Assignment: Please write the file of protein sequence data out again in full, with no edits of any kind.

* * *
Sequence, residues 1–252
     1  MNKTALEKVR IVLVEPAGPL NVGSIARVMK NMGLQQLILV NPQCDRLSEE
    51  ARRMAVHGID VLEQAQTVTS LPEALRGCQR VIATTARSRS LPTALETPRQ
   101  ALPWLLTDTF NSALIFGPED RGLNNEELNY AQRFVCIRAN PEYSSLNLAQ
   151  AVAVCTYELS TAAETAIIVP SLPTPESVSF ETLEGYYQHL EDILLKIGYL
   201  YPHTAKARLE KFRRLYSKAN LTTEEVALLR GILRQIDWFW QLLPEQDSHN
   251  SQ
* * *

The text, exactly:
Sequence, residues 1–252
     1  MNKTALEKVR IVLVEPAGPL NVGSIARVMK NMGLQQLILV NPQCDRLSEE
    51  ARRMAVHGID VLEQAQTVTS LPEALRGCQR VIATTARSRS LPTALETPRQ
   101  ALPWLLTDTF NSALIFGPED RGLNNEELNY AQRFVCIRAN PEYSSLNLAQ
   151  AVAVCTYELS TAAETAIIVP SLPTPESVSF ETLEGYYQHL EDILLKIGYL
   201  YPHTAKARLE KFRRLYSKAN LTTEEVALLR GILRQIDWFW QLLPEQDSHN
   251  SQ